From here the trail followed a dramatic ridge, ascending a series of peaklets to a high point at about 2900′, across a canyon and to the north of Tri-Peaks (3010′). My immediate goal was to cross over to Tri-Peaks. From there I would find my way to the Backbone Trail.

What had been a well trodden path, now became less distinct. From my viewpoint, a route up the north side of Tri-Peaks looked improbable. Choked with brush and trees, the peak was an amalgam of massive volcanic blocks and boulders, fused with chaparral.

Following the crest of the Boney Mountain escarpment, I dropped down to a saddle. To my right, the terrain plunged between steep cliffs to Big Sycamore Canyon, more than 2500′ below.

Unsure of the route, but endorphin energized, I followed a path up and into a maze of corridors and rooms among the towering rock formations, eventually emerging at the summit block. Working my way out of the shadows, I traversed around to the south side of the peak. From here the Tri-Peaks trail was an obvious slash in the brush and in a few minutes I was on the Backbone Trail, headed west.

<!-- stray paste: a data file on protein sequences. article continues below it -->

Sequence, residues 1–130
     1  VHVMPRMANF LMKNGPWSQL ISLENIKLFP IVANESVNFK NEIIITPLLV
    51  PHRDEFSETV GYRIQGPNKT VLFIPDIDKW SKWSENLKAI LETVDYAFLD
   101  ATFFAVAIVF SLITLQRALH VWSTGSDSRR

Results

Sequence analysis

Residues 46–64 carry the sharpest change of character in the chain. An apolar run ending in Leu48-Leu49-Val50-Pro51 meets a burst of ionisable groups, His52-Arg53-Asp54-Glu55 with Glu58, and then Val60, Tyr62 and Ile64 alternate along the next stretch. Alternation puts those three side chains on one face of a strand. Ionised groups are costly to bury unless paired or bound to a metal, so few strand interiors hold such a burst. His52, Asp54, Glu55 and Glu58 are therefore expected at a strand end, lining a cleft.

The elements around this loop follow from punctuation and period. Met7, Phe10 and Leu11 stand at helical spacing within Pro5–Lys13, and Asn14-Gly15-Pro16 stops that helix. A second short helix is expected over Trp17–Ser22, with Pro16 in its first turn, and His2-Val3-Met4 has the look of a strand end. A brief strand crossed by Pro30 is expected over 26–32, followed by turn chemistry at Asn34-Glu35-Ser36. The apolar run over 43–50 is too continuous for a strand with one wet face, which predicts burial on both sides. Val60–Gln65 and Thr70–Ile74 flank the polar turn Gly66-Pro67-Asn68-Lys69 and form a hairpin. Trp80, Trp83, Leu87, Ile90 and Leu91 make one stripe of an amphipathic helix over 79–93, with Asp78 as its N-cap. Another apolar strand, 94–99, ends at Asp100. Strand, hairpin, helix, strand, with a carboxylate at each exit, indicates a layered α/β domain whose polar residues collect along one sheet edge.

The downhill running on this section of trail is among the best in the Santa Monica Mountains, with memorable views of Boney Mountain’s massive western flank. In five miles and a nearly effortless hour I was down to the Danielson multi-use area.

I stopped for water and briefly debated how far to run down Big Sycamore. Not far — I picked up the Ranch Center fireroad (unpaved) and followed it up to the Hidden Pond trail, finishing the run like last week, on the Upper Sycamore and Danielson/Old Boney trails.

Here’s a Google Earth image and KMZ file of a GPS trace of the approximately 18.5 mile route.